The setup is all too familiar: we have a girl who wonders about life.She has sex, is disappointed in love (always mildly by our measures)and thus "grows up." <br><br>Its a persistent fiction that is glued into filmdom and god knows howmany lives it has bent. <br><br>But as these go, this one isn't as tendentious as the others. I thinkthat's because of the triple narrative structure.<br><br>The main narrative is the girl (here Dominique Swain fresh from"Lolita"), who tells us what is going on in her mind. Thhings like "Iwish I could grow up." Sometimes her narration is her thoughts in thestory rather than over it, such as when she says something polite butis thinking something rude.<br><br>The second narrative is the story we see of course. Naturally, all thesex is akin to dreamy cuddling.<br><br>The third narrative is embedded in the story, the narrative of incisiverock songs. Indeed, they are rock songs about the very stuff of thestory and inspired by the story itself. The three are woven together,each commenting on the other.<br><br>Few young viewers will notice, but this is pretty sophisticatedstorytelling. Even though every thing in it is empty and borrowed, thewhole seems much fresher. <br><br>Ted's Evaluation -- 2 of 3: Has some interesting elements.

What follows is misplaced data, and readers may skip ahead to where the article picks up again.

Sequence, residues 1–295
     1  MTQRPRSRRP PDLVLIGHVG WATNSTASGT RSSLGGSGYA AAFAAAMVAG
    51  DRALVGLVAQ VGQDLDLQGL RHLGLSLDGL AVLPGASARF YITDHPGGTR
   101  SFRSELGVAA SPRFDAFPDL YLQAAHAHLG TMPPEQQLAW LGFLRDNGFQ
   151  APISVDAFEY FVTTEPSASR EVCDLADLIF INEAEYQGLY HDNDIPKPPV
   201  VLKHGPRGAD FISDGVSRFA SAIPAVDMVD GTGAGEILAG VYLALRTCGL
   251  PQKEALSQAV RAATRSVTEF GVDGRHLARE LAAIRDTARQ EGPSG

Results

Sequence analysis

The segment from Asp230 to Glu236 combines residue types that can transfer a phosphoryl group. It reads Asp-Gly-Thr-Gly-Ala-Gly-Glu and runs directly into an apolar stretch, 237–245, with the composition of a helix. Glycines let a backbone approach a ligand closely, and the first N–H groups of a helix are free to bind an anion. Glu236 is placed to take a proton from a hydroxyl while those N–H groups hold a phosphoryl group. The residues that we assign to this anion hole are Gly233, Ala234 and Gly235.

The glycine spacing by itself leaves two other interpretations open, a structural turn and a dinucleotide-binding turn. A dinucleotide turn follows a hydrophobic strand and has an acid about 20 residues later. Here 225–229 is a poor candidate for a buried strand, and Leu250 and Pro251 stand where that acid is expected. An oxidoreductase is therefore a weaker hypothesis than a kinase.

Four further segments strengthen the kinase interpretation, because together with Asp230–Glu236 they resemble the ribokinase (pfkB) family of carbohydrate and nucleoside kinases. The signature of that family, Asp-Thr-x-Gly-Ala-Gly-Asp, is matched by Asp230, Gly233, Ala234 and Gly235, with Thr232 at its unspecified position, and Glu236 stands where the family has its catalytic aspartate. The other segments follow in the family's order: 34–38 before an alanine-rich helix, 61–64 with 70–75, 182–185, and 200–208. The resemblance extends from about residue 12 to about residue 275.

Comedy / Drama
Comedy / Drama
Andrea Marr is a bright, straight-A, mature, 18-year-old high school senior on the verge of womanhood who decides to abandon her sheltered, boring lifestyle and her bookish friend Darcy for a look into the local rock and roll scene as a groupie to local rock singer Tod Sparrow and learn more about the life of one who follows a touring band along with her new friends aspiring rock star wannabee Cybil, outgoing fellow groupie Rebecca, and music critic Kevin.
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